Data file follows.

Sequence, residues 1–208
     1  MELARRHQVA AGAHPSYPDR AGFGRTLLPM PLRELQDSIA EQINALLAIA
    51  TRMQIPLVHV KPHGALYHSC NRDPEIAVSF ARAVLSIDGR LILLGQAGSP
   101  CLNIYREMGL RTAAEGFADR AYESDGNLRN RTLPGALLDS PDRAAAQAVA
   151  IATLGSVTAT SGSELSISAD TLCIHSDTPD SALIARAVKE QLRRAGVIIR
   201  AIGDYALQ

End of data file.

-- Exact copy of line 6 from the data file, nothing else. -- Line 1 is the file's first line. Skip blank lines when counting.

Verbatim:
   201  AIGDYALQ